22. 22. Mendel’s Results Revisited: F1 ♀ ♂ Genotype? Genotype? “AA” Smooth Seeds Wrinkled Seeds Gametes possible: “A” or “A” “aa” Gametes possible: “a” or “a” ♀ Gametes Smooth “Aa” A ♂ Gametes a a Aa Aa A Aa Aa Use a “Punnett Square” to determine all possible progeny genotypes Explains why all progeny were smooth
    23. 23. Br A B C D E rr
    24. 24. What is the predicted cross of homozygous recessive red and heterozygous dominant 20% 20% brown? 20% 20% 20% 1 ed lr Al re d br o w n, 3 re d n, 2 br o w n, 1 2 3 br o w lb Al re d brown B. 3 brown, 1 red C. 2 brown, 2 red D. 1 brown, 3 red E. All red ro w n A. All
    25. 25. B r r Br rr r Br rr Br A B C D E rr
    26. 26. Red + Brown = Blond! (sometimes?) Not all traits are dominant/reccessive! More in upcoming lectures!
    27. 27. Punnett Square Practice Problems! Chapter 2: Problems 2 & 3
    28. 28. Mendel’s First Law • Mendel used his theory of particulate inheritance to formulate the law of segregation (Mendel’s first law) • Alleles are separated into gametes. Gametes randomly combine to create progeny in predictable proportions. • Hypothesis!: Mendel expected that half of the gametes of heterozygous F1 individuals would carry the dominant allele and half the recessive • How can we test this? Genotype? Genotype?
    29. 29. Conclusion: all Conclusion: all F1 plants are F1 plants are heterozygous! heterozygous!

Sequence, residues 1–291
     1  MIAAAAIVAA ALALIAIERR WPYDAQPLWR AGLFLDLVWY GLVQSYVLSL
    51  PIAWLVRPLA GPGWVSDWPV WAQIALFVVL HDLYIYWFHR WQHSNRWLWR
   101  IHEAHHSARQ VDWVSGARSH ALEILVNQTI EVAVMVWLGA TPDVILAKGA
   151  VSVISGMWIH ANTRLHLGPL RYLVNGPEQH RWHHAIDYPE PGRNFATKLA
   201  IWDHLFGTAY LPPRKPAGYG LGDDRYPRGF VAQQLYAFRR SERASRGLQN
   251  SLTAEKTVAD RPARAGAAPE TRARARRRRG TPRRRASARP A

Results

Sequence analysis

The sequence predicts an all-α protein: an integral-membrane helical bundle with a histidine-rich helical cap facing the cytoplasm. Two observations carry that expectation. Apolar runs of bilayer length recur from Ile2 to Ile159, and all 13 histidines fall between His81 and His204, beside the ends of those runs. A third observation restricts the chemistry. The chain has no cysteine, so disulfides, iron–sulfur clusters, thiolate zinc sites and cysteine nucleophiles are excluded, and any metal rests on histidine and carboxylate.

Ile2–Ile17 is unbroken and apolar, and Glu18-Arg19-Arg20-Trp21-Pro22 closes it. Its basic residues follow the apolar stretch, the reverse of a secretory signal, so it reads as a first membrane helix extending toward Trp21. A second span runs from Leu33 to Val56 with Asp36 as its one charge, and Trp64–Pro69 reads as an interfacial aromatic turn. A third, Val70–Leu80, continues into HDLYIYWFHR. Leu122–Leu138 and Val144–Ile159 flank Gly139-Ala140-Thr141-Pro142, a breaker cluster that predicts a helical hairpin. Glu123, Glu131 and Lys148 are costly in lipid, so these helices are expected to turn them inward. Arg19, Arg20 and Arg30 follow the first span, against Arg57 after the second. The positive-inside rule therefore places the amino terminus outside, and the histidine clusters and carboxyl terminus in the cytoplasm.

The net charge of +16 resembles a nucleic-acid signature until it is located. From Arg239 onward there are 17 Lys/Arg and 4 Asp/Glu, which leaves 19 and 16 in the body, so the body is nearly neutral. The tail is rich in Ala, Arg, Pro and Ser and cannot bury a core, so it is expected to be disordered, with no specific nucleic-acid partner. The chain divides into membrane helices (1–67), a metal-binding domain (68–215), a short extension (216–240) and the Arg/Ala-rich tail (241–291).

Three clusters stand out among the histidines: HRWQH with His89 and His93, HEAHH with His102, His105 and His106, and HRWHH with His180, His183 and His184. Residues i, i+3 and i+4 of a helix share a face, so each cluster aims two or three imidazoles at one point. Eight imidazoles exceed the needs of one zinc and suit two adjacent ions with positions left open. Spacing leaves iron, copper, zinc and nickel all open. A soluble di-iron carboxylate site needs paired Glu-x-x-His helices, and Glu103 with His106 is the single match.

30. 30. The Test Cross • Allows to distinguish genotype of individual expressing dominant phenotype by crossing it with homozygous recessive individual
    31. 31. What other predictions can we test? • Mendel’s hypothesis predicts that F2 plants with the dominant phenotype can be homozygous or heterozygous • The heterozygous state (2/3) is twice as likely as the homozygous state (1/3) • HOW? Mendel used a selffertilization experiment to test the predictions of the hypothesis
    32. 32. F3 generation • Hypothesis confirmed: • 1/3 of plants were homozygous and breed true • 2/3 of heterozygous F2 plants generated a 3:1 ratio of dominant:recessive phenotype among their progeny
    33. 33. WHAT HAPPENS IF WE STUDY TWO TRAITS? Will the presence of one charastics affect the prescent of another?
    34. 34. Dihybrid-Cross Analysis of Two Genes • To study the simultaneous transmission of two traits, Mendel made dihybrid crosses between organisms that differed for two traits • He began each cross with pure-breeding lines (e.g., RRGG and rrgg) and produced F1 that were heterozygous for both traits (e.g., RrGg). • If assortment is random, four gametes should be equally likely in the F1 (e.g., RG, Rg, rG, rg)
    35. 35. 2.3 Dihybrid and Trihybrid Crosses • How can we calculate the crosses of two or more traits at the same time? • Dihybrid Punnet Square • Forked Diagram